By Nichole Giles
Last week I mentioned my critique group and our adventure with a recent storm. I have to be honest, though it was somewhat painful to dig my friends out of the snow, it was also sort of fun. (Sorry, Keith!) I mean, think about it. A bunch of full-grown adults, who would never voluntarily go outside during the night to play around in the freezing winter weather, out there anyway, digging, throwing snow, and getting soaked. It reminded me a little bit about a scene in the movie, Jack Frost. You know, the one where the dad wakes his son up in the middle of the night because it’s snowing and he wants someone to build a snowman with him? Of course, the snowman eventually becomes…well, I better not ruin it if you haven’t seen the show (which I recommend, by the way, it’s awesome—but sad). Anyway, that reminder made the weather at my house a little more bearable.
Isn’t it funny the things that stick in our minds about certain movies or books? One of my favorite books is set in the Caribbean, where the main characters are scuba divers and the biggest dangers are pirates and sharks…both of which they meet at some point. But weather played a key role to the story.
Two days after the snow incident at my house, I hopped a plane to Texas to visit my sister and her little family. The weather where she lives is very different. Not only was there no snow, but the day I arrived was actually balmy. The temperature rose above seventy degrees—in the middle of January! The sun shone brightly, glinting off of everything it touched, and a warm breeze lifted my hair away from my shoulders. What a difference!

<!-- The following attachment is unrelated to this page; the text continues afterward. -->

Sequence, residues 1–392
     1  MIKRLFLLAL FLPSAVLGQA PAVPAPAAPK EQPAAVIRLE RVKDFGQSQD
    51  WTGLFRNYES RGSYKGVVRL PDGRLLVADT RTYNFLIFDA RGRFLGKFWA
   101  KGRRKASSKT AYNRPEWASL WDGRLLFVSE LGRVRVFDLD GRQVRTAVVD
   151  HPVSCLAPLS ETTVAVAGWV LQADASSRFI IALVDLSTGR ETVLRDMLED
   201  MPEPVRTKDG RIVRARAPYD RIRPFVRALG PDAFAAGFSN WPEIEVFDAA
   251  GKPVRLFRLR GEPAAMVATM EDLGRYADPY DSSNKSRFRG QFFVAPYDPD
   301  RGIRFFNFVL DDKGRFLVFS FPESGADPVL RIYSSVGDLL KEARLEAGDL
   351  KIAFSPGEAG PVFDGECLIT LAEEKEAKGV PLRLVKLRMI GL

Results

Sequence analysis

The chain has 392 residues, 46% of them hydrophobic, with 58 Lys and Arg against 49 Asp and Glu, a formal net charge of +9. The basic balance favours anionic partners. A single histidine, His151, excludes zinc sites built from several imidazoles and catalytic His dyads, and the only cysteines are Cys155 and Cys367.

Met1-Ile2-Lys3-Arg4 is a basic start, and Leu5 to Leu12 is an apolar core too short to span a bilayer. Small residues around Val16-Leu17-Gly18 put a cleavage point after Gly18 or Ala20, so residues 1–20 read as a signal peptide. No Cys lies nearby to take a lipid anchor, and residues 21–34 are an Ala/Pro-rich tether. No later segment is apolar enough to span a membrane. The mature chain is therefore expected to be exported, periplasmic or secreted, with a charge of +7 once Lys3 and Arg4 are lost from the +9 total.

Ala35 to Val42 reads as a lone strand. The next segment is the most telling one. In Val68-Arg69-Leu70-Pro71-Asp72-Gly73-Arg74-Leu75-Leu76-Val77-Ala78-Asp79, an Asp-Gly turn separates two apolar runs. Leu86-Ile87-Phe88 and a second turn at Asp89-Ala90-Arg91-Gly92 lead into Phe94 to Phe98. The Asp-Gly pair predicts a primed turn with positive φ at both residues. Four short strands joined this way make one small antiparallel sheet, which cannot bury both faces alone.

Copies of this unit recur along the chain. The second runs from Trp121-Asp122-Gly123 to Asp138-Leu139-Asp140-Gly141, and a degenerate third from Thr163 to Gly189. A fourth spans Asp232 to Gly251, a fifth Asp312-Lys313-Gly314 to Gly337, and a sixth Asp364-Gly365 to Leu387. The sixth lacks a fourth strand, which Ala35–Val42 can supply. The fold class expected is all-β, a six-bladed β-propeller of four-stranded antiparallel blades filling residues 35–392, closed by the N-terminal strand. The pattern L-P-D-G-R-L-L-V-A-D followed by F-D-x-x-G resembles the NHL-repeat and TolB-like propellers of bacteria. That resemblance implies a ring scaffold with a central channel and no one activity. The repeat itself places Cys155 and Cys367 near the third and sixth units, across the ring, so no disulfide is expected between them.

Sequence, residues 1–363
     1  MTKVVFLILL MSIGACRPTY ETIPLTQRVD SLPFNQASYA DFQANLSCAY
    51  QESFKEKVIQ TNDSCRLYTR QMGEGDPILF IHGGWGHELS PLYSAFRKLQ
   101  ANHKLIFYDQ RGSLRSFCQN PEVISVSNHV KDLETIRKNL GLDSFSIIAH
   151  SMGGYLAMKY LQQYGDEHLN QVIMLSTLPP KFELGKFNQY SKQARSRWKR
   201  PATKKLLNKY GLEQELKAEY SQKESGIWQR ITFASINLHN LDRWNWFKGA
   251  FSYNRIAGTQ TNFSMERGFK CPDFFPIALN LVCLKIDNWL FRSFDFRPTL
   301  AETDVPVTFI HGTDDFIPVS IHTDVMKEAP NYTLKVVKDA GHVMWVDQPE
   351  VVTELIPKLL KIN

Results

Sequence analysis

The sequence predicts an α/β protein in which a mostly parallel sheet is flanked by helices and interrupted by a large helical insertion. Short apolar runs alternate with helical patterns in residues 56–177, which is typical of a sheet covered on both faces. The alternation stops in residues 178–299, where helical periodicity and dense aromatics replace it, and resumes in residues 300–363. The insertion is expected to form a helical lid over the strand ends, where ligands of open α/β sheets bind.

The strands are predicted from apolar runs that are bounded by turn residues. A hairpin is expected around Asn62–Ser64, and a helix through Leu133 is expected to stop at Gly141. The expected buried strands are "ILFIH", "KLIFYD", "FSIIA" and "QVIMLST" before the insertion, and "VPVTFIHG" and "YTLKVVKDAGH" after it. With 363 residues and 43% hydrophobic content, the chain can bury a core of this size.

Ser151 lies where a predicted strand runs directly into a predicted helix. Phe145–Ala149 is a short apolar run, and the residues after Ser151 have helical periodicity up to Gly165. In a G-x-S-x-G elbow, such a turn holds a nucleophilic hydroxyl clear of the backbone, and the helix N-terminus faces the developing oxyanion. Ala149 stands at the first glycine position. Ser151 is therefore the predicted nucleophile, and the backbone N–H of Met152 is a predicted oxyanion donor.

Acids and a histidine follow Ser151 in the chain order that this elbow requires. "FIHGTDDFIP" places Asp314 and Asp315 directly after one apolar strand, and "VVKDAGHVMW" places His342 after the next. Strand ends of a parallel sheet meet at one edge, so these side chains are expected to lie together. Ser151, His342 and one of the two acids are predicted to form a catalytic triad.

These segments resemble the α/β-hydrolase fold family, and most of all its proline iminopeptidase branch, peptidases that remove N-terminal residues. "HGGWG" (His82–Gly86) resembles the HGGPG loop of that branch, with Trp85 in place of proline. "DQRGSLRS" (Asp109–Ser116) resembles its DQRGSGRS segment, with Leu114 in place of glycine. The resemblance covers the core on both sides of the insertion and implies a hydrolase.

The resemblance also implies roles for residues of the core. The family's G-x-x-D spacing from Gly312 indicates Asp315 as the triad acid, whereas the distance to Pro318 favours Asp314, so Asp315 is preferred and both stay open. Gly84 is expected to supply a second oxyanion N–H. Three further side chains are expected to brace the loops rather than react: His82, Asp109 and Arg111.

Imagine how happy I was to finally see the sun, and for that matter, the ground under my feet. Not only did I not bring a coat, I got to wear my flip-flops! But Texas has scary weather issues too. Like tornadoes and large storms from has-been hurricanes.
As my eyes searched the sky, I realized that everywhere I go a new plot possibility can rear its head. The location setting of my story has the potential to add additional conflict, or at least a memorable scene. Come to think of it, the addition of new characters can also have this effect. Like the African guy sitting across the aisle from me on the plane, speaking an undecipherable language into his cell phone and wearing shoes with strange looking toes. Who could he be and why is he making a cameo in my newest book? And how did he come to be on the same plane as my character? (Okay, not really, but I might use him somewhere…)
If you really want to add tension to your writing, think about conjuring up a snowstorm, tornado, hurricane, forest fire, burning desert sun, or some other act of nature. Like magic, you could have a secondary arc, or more tension in the initial conflict. Not only that, but creating a weather phenomenon of that magnitude can pull you out of a writing slump you might have fallen in by living in a certain climate for too long. (One month of snow is too long for me, let alone two!)
As you’re writing, never let yourself miss obvious possibilities and common sense solutions. These are the things that have the potential to make or break your story. So take a break, shake things up, and add some undesirable weather into your scene. Just think of all the possibilities.
As for me, well, I’m back home, where there is tons of snow on the ground and icky, mucky air. But I spent a few great days in the sunshine, and boy, it was a nice change. I wonder if my characters need a change too? Hmm…